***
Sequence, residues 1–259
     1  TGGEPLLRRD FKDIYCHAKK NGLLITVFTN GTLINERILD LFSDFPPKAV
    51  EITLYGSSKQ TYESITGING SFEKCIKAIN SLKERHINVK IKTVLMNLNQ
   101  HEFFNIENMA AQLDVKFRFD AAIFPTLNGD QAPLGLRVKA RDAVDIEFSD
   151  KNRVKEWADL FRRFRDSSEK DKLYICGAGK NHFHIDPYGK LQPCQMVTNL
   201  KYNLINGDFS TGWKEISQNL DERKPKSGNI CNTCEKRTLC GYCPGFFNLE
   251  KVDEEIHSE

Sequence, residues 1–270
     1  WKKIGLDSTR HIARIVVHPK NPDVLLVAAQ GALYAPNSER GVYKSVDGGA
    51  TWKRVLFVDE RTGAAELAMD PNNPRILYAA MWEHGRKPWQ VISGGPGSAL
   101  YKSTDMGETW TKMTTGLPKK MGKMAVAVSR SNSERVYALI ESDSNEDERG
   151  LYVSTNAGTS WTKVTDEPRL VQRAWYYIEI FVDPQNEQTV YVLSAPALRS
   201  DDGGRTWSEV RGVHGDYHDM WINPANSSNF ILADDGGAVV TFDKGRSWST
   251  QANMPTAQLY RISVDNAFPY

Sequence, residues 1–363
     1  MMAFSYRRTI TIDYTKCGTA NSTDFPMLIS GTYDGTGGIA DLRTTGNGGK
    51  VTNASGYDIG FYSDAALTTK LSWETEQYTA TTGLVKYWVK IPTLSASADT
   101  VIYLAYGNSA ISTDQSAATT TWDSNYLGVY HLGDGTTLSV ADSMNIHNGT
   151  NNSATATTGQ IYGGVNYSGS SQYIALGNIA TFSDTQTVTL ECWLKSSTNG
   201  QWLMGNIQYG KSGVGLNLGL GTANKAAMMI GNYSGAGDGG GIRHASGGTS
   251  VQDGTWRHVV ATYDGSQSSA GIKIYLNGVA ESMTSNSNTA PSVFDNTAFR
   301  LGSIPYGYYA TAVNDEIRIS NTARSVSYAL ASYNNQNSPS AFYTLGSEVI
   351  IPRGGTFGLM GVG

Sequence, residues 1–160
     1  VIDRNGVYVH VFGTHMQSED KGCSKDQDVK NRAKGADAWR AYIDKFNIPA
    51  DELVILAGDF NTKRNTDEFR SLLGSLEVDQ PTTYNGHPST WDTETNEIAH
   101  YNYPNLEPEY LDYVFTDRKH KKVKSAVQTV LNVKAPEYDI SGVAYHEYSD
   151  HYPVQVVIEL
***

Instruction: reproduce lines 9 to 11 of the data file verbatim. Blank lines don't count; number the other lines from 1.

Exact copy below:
     1  WKKIGLDSTR HIARIVVHPK NPDVLLVAAQ GALYAPNSER GVYKSVDGGA
    51  TWKRVLFVDE RTGAAELAMD PNNPRILYAA MWEHGRKPWQ VISGGPGSAL
   101  YKSTDMGETW TKMTTGLPKK MGKMAVAVSR SNSERVYALI ESDSNEDERG